Acknowledging that comedy can be perceived as crude at times, Livingstone insists the group tones down its act, particularly in Jerusalem, to take into account the possible religious sensitivities of the audience.
That being said, 37-year-old divorcee and father of two Josh Kaplan, who has been an actor and writer with the troupe for three years, and who at first glance seems like the quietest or perhaps the tamest member of the group, admits that “I like to be dirtier than I’m allowed to be. Well at least in my head I like to push the envelope, but I do think it comes out in my writing.”
Kaplan says that his comedy scripts are usually the most abstract, citing one featuring a talking falafel ball and another musical number on the seemingly countless number of stray cats who call Jerusalem’s streets and trash containers home.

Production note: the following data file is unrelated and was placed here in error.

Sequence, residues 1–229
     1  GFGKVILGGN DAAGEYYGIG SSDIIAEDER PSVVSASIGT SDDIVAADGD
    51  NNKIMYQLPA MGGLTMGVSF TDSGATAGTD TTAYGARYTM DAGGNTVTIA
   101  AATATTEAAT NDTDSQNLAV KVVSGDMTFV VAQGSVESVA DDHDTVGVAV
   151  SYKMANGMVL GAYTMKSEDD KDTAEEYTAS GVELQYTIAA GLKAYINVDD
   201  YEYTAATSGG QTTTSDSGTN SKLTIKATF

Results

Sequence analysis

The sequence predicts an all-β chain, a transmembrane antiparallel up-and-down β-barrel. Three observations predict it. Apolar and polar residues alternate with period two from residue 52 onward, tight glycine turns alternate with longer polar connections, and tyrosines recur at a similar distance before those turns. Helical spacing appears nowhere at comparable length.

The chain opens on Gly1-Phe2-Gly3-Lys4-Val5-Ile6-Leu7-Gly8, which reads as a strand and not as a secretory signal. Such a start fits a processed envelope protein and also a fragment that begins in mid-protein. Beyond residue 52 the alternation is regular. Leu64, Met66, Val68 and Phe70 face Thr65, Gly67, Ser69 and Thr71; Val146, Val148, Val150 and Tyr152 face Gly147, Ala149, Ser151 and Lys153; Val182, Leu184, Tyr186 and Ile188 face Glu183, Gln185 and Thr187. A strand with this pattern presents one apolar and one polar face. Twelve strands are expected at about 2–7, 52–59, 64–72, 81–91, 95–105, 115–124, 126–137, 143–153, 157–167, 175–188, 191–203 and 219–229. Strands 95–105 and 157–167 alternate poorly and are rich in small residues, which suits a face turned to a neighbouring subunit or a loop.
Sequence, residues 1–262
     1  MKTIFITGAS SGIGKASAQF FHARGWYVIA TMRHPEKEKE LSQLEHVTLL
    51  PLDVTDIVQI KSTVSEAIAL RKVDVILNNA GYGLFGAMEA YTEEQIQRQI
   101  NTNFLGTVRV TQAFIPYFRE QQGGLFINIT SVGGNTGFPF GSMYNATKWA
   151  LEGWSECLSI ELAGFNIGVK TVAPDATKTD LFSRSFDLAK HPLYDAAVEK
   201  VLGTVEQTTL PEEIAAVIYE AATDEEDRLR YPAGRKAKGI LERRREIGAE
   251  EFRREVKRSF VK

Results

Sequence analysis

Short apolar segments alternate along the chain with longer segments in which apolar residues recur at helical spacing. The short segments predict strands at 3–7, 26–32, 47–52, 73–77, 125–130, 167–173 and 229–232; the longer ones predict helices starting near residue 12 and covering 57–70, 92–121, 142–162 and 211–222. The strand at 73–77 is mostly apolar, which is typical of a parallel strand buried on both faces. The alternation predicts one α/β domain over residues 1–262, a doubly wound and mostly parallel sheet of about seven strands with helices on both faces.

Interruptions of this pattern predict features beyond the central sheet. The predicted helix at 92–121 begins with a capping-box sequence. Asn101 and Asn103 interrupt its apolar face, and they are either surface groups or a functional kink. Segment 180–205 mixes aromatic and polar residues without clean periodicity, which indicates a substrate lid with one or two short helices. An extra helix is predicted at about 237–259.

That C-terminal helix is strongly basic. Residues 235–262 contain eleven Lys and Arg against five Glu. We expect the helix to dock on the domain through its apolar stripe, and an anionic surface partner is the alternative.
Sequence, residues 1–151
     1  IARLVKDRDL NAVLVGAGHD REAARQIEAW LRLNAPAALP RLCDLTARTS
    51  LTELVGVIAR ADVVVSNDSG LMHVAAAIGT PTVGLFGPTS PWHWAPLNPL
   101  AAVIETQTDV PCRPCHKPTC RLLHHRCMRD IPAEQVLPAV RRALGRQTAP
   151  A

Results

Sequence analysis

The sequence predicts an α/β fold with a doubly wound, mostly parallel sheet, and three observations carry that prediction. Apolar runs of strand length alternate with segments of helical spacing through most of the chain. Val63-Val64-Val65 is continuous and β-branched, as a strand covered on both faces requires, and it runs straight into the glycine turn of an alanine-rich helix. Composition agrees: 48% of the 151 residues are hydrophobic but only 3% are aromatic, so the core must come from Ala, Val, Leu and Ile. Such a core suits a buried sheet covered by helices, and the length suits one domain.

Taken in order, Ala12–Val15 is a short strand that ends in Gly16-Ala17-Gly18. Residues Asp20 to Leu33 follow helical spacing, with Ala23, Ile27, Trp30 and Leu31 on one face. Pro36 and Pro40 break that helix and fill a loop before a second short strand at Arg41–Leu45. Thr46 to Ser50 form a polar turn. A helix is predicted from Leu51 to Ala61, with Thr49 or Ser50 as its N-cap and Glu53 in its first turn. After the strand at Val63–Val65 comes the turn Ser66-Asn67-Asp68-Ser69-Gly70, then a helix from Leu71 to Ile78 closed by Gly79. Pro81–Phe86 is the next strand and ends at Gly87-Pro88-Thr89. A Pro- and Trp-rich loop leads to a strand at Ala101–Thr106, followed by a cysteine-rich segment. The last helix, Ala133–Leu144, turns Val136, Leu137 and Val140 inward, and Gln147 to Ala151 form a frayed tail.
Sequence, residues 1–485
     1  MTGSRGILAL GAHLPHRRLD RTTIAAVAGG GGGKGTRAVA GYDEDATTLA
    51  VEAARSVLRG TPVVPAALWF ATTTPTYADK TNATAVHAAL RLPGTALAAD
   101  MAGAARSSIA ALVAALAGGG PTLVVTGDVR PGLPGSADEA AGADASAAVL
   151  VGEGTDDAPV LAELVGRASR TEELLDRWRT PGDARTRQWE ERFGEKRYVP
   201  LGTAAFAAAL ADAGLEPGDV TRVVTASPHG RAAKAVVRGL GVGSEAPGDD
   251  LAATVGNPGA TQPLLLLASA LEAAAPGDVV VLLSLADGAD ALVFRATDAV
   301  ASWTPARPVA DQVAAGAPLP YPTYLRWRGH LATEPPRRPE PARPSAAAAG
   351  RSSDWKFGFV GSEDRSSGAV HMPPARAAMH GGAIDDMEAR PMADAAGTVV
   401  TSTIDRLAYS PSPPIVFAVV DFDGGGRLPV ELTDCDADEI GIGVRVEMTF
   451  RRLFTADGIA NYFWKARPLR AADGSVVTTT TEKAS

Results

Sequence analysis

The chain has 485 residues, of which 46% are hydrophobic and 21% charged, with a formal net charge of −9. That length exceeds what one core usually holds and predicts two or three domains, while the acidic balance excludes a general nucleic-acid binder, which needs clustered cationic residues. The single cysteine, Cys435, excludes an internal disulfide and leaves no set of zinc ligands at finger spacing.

Another of the actor/writers is Mazkeret Batya resident Debbie Kaye, who describes herself as a freelance photographer and “mother of four kids, and two dogs.” Kaye, who immigrated from Sydney, Australia, 16 years ago, says – half seriously – that when she found out about the troupe she was “hitting a stage of desperation in life,” and sent an email to Livingstone demanding that she “get me out of the house!” While Kaye admits she probably spends more on gas traveling to and from the various venues than she takes in from her share of ticket revenues (all the writers/actors have “day jobs”), she views writing scripts and performing as highly therapeutic.
“In Israel, you can either cry or you laugh about everyday life,” she says. “But now I don’t get upset anymore. Working in comedy, which pokes fun at our reality in this country, is truly therapeutic.”